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    Concept: Stock Exchange

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    Chapter 12: Stock Exchange - Exercises [Page 176]

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    स्रोत : www.shaalaa.com

    Getting to Know the Stock Exchanges

    Get answers to all the questions you have about stock exchanges including what they are, how they work, and where they're located.


    Getting to Know the Stock Exchanges

    By DAVID R. HARPER Updated April 10, 2022

    Reviewed by CHIP STAPLETON

    Fact checked by SUZANNE KVILHAUG

    What Are Stock Exchanges?

    A stock exchange does not own shares. Instead, it acts as a market where stock buyers connect with stock sellers. Stocks can be traded on several exchanges such as the New York Stock Exchange (NYSE) or the Nasdaq.

    Although most stocks are traded through a broker, it is important to understand the relationship between exchanges and the companies that trade. Also, there are various requirements for different exchanges designed to protect investors.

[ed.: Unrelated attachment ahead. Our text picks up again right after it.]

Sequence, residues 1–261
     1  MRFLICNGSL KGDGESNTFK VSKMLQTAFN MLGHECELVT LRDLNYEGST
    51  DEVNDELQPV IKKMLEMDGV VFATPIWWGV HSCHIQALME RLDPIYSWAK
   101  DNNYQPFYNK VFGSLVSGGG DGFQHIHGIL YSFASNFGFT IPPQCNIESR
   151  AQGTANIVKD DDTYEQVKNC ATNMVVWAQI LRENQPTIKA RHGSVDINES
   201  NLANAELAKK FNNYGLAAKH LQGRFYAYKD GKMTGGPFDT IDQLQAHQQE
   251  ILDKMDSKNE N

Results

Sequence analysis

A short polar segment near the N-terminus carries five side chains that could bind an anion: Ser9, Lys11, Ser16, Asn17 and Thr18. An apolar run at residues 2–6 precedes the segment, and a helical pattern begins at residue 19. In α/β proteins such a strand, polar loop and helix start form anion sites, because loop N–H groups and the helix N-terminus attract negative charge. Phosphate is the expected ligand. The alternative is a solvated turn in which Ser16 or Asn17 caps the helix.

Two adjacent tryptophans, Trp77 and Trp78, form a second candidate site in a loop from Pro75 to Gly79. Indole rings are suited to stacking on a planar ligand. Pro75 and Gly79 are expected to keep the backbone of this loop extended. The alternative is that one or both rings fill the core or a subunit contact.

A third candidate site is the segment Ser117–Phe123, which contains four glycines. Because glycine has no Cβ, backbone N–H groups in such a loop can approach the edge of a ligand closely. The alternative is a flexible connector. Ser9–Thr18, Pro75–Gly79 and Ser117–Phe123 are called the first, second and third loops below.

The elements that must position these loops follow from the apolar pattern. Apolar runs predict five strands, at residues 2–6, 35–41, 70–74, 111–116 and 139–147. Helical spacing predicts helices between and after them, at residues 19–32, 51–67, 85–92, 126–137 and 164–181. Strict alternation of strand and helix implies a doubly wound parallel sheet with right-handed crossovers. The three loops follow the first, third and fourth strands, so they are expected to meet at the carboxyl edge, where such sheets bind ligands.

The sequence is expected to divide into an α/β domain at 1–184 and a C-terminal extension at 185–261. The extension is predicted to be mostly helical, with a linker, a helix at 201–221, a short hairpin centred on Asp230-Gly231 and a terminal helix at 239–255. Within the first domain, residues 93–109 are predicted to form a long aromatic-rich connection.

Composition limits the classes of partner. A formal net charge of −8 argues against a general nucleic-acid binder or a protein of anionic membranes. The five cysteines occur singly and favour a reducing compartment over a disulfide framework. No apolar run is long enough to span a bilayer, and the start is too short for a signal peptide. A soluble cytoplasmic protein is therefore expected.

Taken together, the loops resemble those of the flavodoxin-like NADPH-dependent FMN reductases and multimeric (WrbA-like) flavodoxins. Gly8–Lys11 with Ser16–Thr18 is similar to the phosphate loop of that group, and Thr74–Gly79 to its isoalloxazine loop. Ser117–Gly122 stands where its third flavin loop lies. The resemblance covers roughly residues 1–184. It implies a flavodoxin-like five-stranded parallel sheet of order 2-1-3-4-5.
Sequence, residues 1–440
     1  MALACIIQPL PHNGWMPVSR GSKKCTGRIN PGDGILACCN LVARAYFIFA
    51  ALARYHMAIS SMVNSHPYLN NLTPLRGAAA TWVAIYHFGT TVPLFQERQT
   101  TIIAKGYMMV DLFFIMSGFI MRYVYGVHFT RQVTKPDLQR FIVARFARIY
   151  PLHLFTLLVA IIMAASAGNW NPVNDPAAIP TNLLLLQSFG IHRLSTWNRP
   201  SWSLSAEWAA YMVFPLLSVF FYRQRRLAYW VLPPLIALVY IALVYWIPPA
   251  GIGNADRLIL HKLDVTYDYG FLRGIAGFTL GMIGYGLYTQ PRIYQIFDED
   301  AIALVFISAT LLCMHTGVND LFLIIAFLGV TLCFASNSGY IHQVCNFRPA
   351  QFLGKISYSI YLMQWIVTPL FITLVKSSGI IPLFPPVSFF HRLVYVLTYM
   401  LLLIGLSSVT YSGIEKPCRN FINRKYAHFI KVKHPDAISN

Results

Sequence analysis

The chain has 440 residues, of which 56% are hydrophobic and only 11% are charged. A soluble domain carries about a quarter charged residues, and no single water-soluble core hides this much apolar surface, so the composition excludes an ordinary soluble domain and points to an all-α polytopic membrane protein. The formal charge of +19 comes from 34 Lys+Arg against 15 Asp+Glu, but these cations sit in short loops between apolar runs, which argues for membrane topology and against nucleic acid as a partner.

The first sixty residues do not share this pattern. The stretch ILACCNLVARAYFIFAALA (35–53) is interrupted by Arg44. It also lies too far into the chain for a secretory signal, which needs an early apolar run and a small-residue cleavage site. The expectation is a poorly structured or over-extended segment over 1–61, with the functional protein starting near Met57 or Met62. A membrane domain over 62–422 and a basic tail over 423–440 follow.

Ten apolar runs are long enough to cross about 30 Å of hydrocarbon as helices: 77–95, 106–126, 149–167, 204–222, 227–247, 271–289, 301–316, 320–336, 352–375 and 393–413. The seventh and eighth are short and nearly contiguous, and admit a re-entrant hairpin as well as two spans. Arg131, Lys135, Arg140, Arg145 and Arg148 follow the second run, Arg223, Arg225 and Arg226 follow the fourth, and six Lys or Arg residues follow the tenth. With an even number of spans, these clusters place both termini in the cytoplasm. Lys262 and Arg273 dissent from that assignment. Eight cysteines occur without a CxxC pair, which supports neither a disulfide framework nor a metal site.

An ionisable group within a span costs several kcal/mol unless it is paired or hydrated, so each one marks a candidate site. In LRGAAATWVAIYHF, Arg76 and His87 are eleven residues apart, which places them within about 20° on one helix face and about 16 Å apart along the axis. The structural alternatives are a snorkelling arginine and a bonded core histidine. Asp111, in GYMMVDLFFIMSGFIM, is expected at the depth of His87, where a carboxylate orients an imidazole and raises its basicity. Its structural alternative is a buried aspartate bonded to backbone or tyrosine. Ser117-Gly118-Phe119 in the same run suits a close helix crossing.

A stock exchange is a centralized location that brings corporations and governments so that investors can buy and sell equities.

    Auction-based exchanges such as the New York Stock Exchange allow traders and brokers to physically and verbally communicate buy and sell orders.

    Electronic exchanges take place on electronic platforms, so they don't require a centralized physical location for trades.

    Electronic communication networks connect buyers and sellers directly by bypassing market makers.

    The OTCBB has been closed by FINRA.


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    The History of Stock Exchanges

    How Stock Exchanges Work